Mr. CARTER. It is a whole lot more fun to dream about winning the lottery. I mean, obviously, the whole country dreams almost every third night in this country about winning the lottery someplace; not very many of them that win it, but they are out there dreaming it. But the real crime of winning the lottery when we are talking about lawsuits is the fear of that big judgment that causes people to settle lawsuits that should not be settled to prevent the danger of that unlimited liability that is out there before caps were placed in the law. The gentleman knows there is nothing that irritates doctors more, and I have talked to doctors about this; they say, they made me settle the lawsuit but, by golly, I did not do anything wrong.

Mr. BURGESS. The gentleman is absolutely correct. If the gentleman will yield, the cost of continuing the lawsuit in both dollar terms and emotional terms is sometimes just simply too high, and the better part of valor is to settle. Fortunately, I lived in a county where juries were a little more favorable to physicians, but we all know of other counties within the State of Texas where that was not the case. There is no question that cases were settled simply because it was easier than continuing the pain and agony of continuing the lawsuit.

Mr. CARTER. And I too lived in such a county and presided over such a court. Our Williamson County jurors, they, when you start talking about $1 million, there is not that much money in the world as far as they are concerned, so they were very tight with their money and, therefore, you saw very few people; if you could file that lawsuit someplace else, they were not filing it in Williamson County, because they were seeking that pot of gold.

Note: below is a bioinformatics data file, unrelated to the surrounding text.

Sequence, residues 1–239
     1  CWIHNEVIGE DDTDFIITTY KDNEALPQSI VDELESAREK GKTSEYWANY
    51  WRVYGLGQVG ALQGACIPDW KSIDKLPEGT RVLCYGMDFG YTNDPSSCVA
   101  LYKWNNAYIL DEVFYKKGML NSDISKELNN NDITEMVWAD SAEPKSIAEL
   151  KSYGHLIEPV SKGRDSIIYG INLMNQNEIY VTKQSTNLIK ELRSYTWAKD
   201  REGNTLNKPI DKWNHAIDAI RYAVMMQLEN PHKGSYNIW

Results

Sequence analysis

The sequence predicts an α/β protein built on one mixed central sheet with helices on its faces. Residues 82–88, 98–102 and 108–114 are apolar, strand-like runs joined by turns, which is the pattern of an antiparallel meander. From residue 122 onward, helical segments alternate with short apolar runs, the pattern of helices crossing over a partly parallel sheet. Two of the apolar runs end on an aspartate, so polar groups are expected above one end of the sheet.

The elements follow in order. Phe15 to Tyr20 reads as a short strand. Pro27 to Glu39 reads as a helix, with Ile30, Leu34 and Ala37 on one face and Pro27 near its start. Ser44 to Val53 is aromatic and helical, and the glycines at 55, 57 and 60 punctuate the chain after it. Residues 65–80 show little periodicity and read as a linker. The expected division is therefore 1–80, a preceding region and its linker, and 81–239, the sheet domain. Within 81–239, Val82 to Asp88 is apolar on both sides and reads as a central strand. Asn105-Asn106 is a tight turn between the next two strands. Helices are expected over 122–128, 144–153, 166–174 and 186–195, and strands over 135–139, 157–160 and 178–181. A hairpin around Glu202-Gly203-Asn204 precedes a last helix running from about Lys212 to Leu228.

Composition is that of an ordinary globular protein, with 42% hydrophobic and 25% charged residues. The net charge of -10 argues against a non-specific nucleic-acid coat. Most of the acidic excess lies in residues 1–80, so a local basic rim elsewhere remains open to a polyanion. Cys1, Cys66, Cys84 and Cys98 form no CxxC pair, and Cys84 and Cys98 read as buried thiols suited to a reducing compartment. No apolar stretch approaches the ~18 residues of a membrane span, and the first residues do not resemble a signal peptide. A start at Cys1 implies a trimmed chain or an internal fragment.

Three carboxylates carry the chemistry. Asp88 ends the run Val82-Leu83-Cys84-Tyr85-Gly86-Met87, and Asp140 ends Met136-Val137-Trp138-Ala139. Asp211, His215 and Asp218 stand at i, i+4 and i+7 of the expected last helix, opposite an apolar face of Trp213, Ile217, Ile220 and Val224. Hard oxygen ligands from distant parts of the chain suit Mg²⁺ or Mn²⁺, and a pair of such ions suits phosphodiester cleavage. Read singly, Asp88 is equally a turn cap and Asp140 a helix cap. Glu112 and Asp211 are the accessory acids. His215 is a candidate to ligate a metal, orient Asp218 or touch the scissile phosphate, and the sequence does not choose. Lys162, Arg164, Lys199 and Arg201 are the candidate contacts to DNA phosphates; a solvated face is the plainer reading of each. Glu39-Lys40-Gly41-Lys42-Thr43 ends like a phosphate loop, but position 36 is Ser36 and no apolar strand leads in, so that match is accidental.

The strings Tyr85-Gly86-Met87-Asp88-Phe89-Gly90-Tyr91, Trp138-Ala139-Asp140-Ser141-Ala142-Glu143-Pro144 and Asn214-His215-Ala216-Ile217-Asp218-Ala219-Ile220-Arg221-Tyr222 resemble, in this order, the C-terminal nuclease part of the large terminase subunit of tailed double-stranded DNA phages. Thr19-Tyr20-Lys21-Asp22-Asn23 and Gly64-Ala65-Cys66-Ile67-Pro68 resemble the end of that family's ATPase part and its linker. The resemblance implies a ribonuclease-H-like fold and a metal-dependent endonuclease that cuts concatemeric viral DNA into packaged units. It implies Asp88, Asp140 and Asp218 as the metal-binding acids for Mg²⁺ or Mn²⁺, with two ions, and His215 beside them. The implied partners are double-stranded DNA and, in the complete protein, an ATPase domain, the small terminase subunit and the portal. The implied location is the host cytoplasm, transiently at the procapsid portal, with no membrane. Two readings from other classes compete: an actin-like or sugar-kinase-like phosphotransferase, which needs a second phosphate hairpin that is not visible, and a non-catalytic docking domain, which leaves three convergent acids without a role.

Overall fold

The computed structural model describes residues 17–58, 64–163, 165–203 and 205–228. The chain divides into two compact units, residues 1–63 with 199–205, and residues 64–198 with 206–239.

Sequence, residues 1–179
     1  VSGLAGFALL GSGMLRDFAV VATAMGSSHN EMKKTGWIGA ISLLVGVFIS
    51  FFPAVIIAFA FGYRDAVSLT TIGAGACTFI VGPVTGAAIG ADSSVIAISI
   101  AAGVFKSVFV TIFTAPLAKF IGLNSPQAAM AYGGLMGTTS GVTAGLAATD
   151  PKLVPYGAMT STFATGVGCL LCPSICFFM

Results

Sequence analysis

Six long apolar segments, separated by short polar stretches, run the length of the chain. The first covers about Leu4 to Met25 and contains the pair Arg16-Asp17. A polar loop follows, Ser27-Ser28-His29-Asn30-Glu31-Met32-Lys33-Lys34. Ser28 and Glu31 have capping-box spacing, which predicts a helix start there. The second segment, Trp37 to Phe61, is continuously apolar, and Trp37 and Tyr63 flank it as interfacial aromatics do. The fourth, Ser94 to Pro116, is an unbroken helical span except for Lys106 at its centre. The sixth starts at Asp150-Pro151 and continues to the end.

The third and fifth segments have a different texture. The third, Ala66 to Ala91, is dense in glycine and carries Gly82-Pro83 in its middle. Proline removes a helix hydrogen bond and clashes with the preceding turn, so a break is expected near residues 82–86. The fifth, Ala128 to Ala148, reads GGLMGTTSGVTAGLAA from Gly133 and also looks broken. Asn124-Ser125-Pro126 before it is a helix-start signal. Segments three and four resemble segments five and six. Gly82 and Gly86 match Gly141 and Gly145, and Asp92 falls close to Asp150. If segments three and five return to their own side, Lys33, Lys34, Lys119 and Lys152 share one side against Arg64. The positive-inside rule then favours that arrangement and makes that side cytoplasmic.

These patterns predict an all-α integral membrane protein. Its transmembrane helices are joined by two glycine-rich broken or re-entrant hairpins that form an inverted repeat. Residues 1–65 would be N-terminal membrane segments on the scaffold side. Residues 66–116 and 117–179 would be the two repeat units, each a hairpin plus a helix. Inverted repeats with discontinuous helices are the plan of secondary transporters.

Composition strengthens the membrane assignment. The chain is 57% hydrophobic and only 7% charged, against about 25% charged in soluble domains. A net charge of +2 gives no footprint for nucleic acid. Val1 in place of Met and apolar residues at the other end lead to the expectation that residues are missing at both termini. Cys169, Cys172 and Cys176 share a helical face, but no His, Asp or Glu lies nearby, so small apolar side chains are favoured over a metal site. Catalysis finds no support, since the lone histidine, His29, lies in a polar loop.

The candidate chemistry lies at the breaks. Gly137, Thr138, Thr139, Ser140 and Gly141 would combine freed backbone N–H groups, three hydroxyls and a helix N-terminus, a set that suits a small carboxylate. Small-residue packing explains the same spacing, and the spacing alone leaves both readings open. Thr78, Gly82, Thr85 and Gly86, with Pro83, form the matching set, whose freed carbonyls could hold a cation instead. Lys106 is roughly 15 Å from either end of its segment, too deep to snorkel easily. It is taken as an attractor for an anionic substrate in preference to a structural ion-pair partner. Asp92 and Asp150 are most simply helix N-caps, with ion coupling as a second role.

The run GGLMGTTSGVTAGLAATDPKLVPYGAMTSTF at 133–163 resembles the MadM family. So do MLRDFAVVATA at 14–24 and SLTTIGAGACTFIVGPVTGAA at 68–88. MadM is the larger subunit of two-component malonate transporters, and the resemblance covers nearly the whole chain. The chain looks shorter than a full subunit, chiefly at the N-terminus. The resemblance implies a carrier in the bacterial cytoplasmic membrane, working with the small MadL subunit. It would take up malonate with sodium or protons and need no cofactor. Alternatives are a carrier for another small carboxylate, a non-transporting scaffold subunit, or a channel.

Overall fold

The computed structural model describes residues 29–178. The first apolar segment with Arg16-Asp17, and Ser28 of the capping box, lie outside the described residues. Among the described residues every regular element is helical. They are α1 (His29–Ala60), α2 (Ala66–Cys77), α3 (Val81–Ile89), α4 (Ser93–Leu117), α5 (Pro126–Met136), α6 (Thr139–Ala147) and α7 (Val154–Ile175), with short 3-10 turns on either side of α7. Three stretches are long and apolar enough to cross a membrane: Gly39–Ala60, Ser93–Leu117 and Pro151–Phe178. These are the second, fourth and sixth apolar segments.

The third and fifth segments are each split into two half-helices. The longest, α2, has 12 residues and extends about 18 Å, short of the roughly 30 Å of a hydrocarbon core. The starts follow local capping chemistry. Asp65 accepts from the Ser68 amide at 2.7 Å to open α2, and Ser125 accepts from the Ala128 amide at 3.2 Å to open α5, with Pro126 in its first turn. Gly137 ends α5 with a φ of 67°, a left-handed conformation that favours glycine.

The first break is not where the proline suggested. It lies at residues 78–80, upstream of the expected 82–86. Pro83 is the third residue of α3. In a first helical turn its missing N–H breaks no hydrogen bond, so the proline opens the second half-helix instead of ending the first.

Mr. BURGESS. But again, the biggest problem is access. If we drive our good physicians out of practice, if we prevent our best and brightest from entering the practice of medicine, and there is evidence that that is happening, I fail to see how we are furthering the cause of patient safety by keeping the best and brightest out of medicine. I fail to see how we are furthering the cause of patient safety by preventing smaller towns from having access to perhaps an anesthesiologist or perhaps a cardiologist simply because they cannot afford the liability premiums to have them there.

Now, the gentleman knows I have been around a while. I have had four children. When my first couple of children were born, a lot of the procedures that you OB-GYNs do on a regular basis. And I am glad to see we are joined by another one of our doctors here in Congress, the gentleman from Georgia (Mr. Gingrey). So we will just have this conversation be three-way.

When my first two kids were born, I do not even know the terminology, but when they scanned the baby on your tummy, that was brand new. The piercing to check the fluid was brand new. They did not do that as a regular course. They did not run those tests as a regular course with my first two children. With my last two children they did, and it was a blessing for our family because we had a crisis pregnancy at one time.

But my point now is that a doctor, because of the potential of the liability, is afraid not to do those procedures. Is there some truth to that? Does the gentleman agree that there is some truth to that?